set of twelve archaic epic poems, known to
every educated Greek. The best-known were Homer's
are also the only epics that have survived.
The Epigoni is the fourth epic of the Epic Cycle; it is attributed to Homer. The story is about the sons of the seven warriors who, in the Thebais, unsuccessfully besieged Thebes. The Epigones capture the city and destroy it.
1. Contest of Homer and Hesiod, 324:
Next (Homer composed) the Epigoni in seven thousand verses, beginning, "And now, Muses, let us begin to sing of younger men."
2. Photius, Lexicon, "Teumesia":
Teumesia. Those who have written on Theban affairs have given a full
account of the Teumesian fox.They relate that the creature was
sent by the gods to punish the descendants of Cadmus, and that the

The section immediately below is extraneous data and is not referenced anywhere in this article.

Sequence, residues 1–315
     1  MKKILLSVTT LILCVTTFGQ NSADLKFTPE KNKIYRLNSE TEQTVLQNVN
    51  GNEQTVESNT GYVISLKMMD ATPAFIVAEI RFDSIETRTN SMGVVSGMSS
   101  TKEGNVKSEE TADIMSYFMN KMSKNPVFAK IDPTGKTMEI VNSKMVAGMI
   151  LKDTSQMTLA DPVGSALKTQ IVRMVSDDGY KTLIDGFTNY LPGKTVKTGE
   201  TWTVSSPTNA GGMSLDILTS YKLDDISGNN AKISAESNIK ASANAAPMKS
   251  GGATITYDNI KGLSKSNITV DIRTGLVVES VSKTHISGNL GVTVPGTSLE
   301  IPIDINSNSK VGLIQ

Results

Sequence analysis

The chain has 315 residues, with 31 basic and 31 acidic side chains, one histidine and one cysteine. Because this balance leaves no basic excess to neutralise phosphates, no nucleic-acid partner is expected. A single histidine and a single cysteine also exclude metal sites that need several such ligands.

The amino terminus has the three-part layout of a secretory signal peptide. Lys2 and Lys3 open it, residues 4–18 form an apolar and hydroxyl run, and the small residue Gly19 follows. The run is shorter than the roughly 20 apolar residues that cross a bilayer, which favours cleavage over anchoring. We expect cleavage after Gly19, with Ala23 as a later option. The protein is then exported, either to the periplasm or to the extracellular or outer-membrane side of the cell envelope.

Thebans therefore excluded those of the house of Cadmus from the
kingship. But (he says) a certain Cephalus, the son of Deïon, an
Athenian, who owned a hound which no beast ever escaped, had
accidentally killed his wife Procris, and being purified of the
homicide by the Cadmeans, hunted the fox with his hound, and when they
had overtaken it both hound and fox were turned into stones near
Teumessus. These writers have taken the story from the Epic Cycle.
3. Scholiast on Apollonius, Argonautica, 1.308:
The authors of the Thebaïs say that Manto the daughter of
Teiresias was sent to Delphi by the Epigoni as a first fruit of their
spoil, and that in accordance with an oracle of Apollo she went out and
met Rhaecius, the son of Lebes, a Mycenaean by race. This man she
married - for the oracle also contained the command that she
should marry whomsoever she might meet - and coming to Colophon,
was there much cast down and wept over the destruction of her